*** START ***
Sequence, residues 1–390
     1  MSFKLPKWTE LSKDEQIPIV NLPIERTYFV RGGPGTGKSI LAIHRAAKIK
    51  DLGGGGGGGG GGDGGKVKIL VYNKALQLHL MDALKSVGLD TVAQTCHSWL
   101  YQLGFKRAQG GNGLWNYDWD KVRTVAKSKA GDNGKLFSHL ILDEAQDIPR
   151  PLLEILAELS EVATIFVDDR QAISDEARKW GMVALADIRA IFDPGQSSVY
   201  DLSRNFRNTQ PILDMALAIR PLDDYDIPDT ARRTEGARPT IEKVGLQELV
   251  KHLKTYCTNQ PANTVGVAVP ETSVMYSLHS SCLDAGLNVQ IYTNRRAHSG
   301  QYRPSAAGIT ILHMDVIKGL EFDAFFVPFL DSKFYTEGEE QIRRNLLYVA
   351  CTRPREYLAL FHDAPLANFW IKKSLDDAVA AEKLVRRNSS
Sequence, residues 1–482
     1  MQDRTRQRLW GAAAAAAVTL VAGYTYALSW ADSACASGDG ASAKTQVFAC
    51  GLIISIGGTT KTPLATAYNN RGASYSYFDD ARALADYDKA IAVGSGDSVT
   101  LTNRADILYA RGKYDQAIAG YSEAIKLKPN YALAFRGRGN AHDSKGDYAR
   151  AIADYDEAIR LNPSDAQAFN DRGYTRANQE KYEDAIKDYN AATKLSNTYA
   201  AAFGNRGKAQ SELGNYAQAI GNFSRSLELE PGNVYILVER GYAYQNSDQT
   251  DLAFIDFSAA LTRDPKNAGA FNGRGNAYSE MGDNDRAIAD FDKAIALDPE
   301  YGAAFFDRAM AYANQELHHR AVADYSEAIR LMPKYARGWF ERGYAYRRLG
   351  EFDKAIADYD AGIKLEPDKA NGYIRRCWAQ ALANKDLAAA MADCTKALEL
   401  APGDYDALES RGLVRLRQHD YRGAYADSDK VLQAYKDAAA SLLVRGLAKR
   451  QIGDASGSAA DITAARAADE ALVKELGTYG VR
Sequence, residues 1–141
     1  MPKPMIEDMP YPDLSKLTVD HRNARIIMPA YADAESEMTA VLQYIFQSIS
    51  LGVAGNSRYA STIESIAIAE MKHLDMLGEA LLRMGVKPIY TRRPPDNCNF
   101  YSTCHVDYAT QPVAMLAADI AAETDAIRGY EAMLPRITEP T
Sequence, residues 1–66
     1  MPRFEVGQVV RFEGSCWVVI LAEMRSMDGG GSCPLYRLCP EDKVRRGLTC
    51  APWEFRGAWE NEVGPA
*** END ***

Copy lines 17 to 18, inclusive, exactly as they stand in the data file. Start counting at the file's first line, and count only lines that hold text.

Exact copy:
   301  YGAAFFDRAM AYANQELHHR AVADYSEAIR LMPKYARGWF ERGYAYRRLG
   351  EFDKAIADYD AGIKLEPDKA NGYIRRCWAQ ALANKDLAAA MADCTKALEL